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Income Statement

Reports increase in shareholders equity due to operations over a period of time Income statement equation:
Net Income = Revenue Expenses Net income is also called earnings or net profit

All income statement items are based on Accrual Accounting principles

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Accrual Accounting
Accounting recognition of revenues and expenses are tied to business activities, not to cash flows Revenues are recognized when goods or services are provided (revenue recognition criteria) => Revenues Cash inflows Expenses are recognized in the same period as the revenues they helped to generate (matching principle) => Expenses Cash outflows => Net income Net cash flow

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Revenue
Revenue is an increase in shareholders equity (not necessarily cash) from providing goods or services. Revenue is recognized when both:
It is earned (i.e. goods or services are provided) and It is realized (i.e. payment for goods or services received in cash or something that can be converted to a known amount of cash)

These conditions are called revenue recognition criteria

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Expenses
Expenses are decreases in shareholders equity (not necessarily cash) that arise in the process of generating revenues Expenses are recognized when either:
Related revenues are recognized (product costs) or Incurred, if difficult to match with revenues (period costs and unusual events)

The underlying recognition concepts are the


Matching principle (product vs. period costs) Conservatism principle (unusual events): recognize anticipated losses immediately, recognize anticipated gains only when realized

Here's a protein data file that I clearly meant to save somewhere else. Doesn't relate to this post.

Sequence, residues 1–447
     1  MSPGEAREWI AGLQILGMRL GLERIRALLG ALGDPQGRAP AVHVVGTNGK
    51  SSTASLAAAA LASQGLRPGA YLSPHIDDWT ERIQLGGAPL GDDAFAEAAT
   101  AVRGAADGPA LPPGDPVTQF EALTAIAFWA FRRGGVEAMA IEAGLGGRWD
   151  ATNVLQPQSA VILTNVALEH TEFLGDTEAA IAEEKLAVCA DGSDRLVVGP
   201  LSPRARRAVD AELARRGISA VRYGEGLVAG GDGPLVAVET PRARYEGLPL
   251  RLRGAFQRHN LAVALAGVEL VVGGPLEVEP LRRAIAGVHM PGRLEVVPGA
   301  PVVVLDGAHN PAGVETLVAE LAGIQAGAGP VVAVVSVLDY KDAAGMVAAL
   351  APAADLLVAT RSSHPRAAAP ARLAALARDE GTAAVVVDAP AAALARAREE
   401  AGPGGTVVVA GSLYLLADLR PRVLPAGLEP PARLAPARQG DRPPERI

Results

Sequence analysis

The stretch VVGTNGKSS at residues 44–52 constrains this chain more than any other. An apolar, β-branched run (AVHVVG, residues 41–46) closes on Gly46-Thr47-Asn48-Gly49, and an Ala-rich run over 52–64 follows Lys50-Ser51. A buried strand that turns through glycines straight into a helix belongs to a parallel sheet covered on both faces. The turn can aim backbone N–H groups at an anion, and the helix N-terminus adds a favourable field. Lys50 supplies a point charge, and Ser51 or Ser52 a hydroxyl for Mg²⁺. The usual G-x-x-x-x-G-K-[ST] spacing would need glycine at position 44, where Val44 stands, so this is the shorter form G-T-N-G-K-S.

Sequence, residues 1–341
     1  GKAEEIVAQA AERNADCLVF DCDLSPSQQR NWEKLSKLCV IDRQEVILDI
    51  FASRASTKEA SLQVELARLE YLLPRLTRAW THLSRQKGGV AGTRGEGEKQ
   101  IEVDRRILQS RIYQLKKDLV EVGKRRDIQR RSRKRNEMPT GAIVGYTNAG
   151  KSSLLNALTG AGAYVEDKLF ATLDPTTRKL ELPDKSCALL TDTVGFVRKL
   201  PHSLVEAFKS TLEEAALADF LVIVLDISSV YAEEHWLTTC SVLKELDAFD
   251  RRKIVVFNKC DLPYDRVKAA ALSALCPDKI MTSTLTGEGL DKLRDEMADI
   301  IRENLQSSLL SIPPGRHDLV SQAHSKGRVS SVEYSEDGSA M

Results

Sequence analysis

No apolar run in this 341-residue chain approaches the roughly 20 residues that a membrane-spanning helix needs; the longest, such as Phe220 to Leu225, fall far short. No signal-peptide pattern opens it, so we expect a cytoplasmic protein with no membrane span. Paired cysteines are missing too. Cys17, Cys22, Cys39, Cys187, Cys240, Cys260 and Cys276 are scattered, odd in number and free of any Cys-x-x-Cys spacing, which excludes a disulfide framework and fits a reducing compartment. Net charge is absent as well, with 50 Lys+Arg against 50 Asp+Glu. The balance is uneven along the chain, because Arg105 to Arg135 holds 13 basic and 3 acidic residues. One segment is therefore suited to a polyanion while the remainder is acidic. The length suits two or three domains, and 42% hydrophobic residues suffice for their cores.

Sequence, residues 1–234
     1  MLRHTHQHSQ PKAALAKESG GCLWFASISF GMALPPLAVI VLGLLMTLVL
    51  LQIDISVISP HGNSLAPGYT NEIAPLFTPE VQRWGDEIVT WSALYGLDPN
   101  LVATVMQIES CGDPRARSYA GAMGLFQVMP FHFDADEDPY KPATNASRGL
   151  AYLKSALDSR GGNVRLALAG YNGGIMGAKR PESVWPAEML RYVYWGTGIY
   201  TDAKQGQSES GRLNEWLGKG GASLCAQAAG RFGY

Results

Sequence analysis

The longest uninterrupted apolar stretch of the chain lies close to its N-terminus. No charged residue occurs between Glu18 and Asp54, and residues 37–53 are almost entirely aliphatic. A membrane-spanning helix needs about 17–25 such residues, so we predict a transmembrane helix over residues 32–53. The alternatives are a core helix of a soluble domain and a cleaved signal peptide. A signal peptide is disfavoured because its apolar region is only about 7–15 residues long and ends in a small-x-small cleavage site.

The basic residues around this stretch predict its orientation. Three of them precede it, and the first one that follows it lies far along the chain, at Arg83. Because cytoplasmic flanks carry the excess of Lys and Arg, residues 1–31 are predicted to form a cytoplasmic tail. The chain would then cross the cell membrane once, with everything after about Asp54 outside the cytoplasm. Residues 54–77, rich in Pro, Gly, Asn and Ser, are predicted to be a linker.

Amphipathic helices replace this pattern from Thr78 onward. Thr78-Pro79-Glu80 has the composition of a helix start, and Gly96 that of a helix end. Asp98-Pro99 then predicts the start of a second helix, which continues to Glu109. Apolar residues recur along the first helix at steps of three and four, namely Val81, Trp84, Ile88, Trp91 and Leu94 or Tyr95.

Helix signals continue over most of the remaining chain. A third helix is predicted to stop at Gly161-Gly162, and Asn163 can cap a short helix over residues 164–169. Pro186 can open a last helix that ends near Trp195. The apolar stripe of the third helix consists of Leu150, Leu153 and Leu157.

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How Much Revenue Is Recognized in December?


1. BOC delivers $500,000 worth of washing machines in December to customers who dont have to pay until February.

2. BOC collects $300,000 cash in December for washing machines delivered in October.

3. BOC Realty leases space to a tenant for the months of December and January for $20,000, all of which is paid for in cash in December.

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How Much Revenue Is Recognized in December?


4. BOC Aerospace receives an order for a $400,000 jet in December to be delivered in July.

5. BOC Bank is owed $100,000 of interest on a loan for December and receives the payment in January.

6. BOC issues 20,000 shares of stock in December and receives $10/share, which is $2/share more than they expected.

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How Much Expense Is Recognized in December?


1. BOC Automotive buys engines worth $2,000,000 in December for cash.

2. BOC Automotive uses the engines to make cars at a total cost of $10,000,000 in December.

3. BOC Automotive sells cars costing $8,000,000 in December for $15,000,000.

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How Much Expense Is Recognized in December?


4. BOC Automotive incurs $180,000 in salaries for its marketing staff in December.

5. BOC Automotive pays its auditor $50,000 in December for services to be rendered in December and January.

6. BOC Automotive pays $1,200,000 in cash dividends in December.

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Relic Spotter Inc. Case